The church has always been there. Even within the heartbeat of the civil rights movement, the unity of people and the organization of the black sacred space was the backbone of power and transformation. The black church stood and fought for the morals and values that were necessary for the quality and equality of every life. It was unapologetically who it was. Providing life within itself, it served its people with what the outside world would not give them. It was a space for opportunity, education, arts, business and family. Pride and relationship to the black church was built upon these foundations.
In Milwaukee, in this 21st century, this affection remains for many individuals. In many ways, the chaos we face today is not terribly different than other trying times in our history. And older generations understand this. However, there seems to be a major gap in commitment and dedication to the church. And I don’t think it’s because folks merely want to sleep in on Sunday morning. As a new society arises, new language surfaces about “church” with the unveiling of a few issues. Actually, a lot of issues. And I believe these issues have far too long been important. The church, NOW, needs to have the “mirror-talk.”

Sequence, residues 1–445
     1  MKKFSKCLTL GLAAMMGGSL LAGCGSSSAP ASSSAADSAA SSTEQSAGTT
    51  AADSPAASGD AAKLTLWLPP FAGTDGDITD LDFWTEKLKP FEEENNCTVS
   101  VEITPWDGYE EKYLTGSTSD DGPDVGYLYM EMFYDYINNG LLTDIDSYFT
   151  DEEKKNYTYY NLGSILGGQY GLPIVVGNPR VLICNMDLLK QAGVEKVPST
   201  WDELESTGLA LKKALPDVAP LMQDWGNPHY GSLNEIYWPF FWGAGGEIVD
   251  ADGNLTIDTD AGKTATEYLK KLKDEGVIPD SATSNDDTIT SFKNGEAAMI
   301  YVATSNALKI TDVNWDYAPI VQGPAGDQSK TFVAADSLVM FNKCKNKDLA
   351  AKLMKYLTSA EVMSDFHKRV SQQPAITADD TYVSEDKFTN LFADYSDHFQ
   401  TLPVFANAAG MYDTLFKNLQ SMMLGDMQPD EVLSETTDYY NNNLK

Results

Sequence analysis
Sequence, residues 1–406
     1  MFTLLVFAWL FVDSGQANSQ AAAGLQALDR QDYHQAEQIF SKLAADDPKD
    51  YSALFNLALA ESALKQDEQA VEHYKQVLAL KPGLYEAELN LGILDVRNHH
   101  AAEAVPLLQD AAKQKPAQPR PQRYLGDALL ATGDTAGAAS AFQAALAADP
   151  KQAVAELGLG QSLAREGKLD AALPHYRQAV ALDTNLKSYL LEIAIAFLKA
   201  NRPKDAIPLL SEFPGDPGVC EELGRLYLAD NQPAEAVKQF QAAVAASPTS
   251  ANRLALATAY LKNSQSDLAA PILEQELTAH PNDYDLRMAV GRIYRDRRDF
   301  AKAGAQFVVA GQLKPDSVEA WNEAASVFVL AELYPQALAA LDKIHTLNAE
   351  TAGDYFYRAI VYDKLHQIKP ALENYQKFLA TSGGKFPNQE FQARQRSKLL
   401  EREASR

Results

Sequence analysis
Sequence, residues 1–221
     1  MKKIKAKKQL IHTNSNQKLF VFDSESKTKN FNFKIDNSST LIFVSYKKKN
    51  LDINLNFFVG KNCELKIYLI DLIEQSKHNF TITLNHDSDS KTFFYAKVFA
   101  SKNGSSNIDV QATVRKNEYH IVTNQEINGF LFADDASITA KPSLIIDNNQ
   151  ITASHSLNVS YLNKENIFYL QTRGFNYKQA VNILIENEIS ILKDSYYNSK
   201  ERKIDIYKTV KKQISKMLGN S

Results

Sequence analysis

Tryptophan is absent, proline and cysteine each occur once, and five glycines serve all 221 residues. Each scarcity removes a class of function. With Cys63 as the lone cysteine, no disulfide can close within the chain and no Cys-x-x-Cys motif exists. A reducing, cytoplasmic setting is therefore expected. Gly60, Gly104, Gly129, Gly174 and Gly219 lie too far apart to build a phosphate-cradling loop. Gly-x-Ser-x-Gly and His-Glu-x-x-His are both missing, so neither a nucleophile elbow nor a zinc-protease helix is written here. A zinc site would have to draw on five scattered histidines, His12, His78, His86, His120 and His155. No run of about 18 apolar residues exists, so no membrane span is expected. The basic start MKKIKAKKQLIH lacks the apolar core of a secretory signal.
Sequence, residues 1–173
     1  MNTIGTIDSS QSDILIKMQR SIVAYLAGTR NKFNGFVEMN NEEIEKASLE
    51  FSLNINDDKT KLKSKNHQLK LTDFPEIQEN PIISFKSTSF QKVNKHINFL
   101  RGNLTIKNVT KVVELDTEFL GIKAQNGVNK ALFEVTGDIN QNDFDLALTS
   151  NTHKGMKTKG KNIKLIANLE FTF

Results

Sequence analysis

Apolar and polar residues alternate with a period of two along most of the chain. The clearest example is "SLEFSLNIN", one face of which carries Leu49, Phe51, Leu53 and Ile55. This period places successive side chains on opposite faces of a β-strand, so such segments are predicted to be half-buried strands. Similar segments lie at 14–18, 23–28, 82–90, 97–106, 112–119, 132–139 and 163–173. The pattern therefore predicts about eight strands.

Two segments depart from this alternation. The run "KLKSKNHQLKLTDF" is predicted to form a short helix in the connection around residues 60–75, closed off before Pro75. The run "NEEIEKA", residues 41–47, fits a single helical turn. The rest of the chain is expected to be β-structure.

“Why is the church so quiet about racism?” “Why does prosperity seem more important these days?” “Is the black church dead?” “Much of my abuse came from the church because I was gay.” “What does the church have to say about all the killings in our city?” “Is the church effective anymore?” “Has the church lost its identity?” “I’m no longer religious, but I am spiritual.” These statements and questions stem from popular conversations in the new-age society as of late that critique the role of the church in our community. The volume of these particular conversations continues to elevate, as real-life issues become the magnifying glass through which individuals critically examine the church and relationship to the divine.
In my opinion, the church can no longer be scared to have the conversation about how to embrace the problems in our city and our world in a more relevant and effective way. #BlackLivesMatter, HIV/AIDS, LGBTQA rights, depression and mental illness are just the tip of the iceberg of what needs the church’s attention. But have we been too quiet?